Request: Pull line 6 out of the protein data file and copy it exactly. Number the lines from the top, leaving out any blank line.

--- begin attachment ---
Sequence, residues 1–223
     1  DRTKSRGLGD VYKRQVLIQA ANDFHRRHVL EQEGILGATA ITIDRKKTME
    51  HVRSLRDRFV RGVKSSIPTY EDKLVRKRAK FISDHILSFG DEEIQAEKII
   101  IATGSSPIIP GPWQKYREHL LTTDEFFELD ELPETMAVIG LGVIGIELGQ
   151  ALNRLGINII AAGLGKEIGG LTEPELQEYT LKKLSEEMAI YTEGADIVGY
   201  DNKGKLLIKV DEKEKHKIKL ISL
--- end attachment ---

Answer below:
   201  DNKGKLLIKV DEKEKHKIKL ISL